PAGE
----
As the city of Chicago comes under the grip of frigid weather conditions, homeless people are forced to look out for warm shelters providing daily necessities and security.
The once busy shopping areas turned quiet, with a few bundled-up pedestrians walking hastily.
Some homeless were still seen out on the streets, holding signs asking for help. While some are struggling veterans, others are with physical disabilities, and some are even with children.
The waiting lounge of Pacific Garden Mission Shelter Home was a crowded spot filled with homeless people who needed nothing more than a warm corner.
“We see an average of 700 to 800 people every single day. Sometimes, there are people who come in when it’s extremely cold, who won’t come in when it’s not so cold because they would prefer to stay outside in the tent or wherever. We buy a lot of food. That’s why I said our budget is almost nine million dollars annually. Our utility bills are very, very expensive, for electric, for water, for gas. These things are very expensive, and we buy food,” said Ervin McNeill, in-charge of the shelter.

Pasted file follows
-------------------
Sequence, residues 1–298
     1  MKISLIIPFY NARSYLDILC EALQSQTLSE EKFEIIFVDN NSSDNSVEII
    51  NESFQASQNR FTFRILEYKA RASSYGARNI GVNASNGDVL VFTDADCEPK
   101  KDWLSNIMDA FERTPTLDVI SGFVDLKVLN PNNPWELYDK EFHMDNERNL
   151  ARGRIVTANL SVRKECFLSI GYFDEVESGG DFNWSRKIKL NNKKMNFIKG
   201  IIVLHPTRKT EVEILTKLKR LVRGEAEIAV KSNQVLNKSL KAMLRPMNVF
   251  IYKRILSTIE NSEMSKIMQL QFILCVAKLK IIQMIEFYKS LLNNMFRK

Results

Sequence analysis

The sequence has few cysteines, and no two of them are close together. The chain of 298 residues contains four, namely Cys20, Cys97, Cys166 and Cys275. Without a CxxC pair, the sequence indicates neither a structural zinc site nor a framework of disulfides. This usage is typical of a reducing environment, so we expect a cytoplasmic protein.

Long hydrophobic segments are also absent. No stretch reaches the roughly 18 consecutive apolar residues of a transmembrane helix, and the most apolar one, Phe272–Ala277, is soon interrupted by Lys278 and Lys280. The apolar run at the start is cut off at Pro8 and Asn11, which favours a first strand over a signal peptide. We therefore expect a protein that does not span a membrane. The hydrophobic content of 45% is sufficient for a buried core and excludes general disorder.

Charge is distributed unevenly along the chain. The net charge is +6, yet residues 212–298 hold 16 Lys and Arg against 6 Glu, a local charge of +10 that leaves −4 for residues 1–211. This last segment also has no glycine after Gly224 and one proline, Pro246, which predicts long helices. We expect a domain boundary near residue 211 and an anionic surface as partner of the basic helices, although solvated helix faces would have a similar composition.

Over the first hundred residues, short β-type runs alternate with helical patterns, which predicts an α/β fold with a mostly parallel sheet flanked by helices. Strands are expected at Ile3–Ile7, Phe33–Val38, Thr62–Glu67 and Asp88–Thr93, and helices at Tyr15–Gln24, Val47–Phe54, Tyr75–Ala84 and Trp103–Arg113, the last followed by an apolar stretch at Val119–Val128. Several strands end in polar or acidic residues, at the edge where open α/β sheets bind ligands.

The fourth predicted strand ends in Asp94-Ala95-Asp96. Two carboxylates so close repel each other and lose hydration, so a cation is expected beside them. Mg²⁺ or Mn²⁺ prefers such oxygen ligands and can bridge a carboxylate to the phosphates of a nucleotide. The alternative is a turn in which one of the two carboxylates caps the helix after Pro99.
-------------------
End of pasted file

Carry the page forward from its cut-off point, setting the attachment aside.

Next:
He called for more donation from the society to help the homeless to get through the harsh winter.
The frigid weather is a threat for nearly 82,000 homeless in Chicago. The addresses and contact numbers of available shelter homes have even been put out by the local media.
Some residents have also come ahead in helping the homeless by donating food items and warm clothes.
“I have coats and shirts and pants, and some sweaters for the people here,” said a local resident.
McNeill hopes more shelters can be built in the near future, and that the government should take actions to improve the living conditions of the homeless. He also pointed out that the government should provide education and training opportunities so that these homeless people can at some point stand on their own feet.
“You can hand them food and get them a bed. That only helps a little bit, but what the person needs is to learn how to help themselves,” noted the officer in charge. — Reuters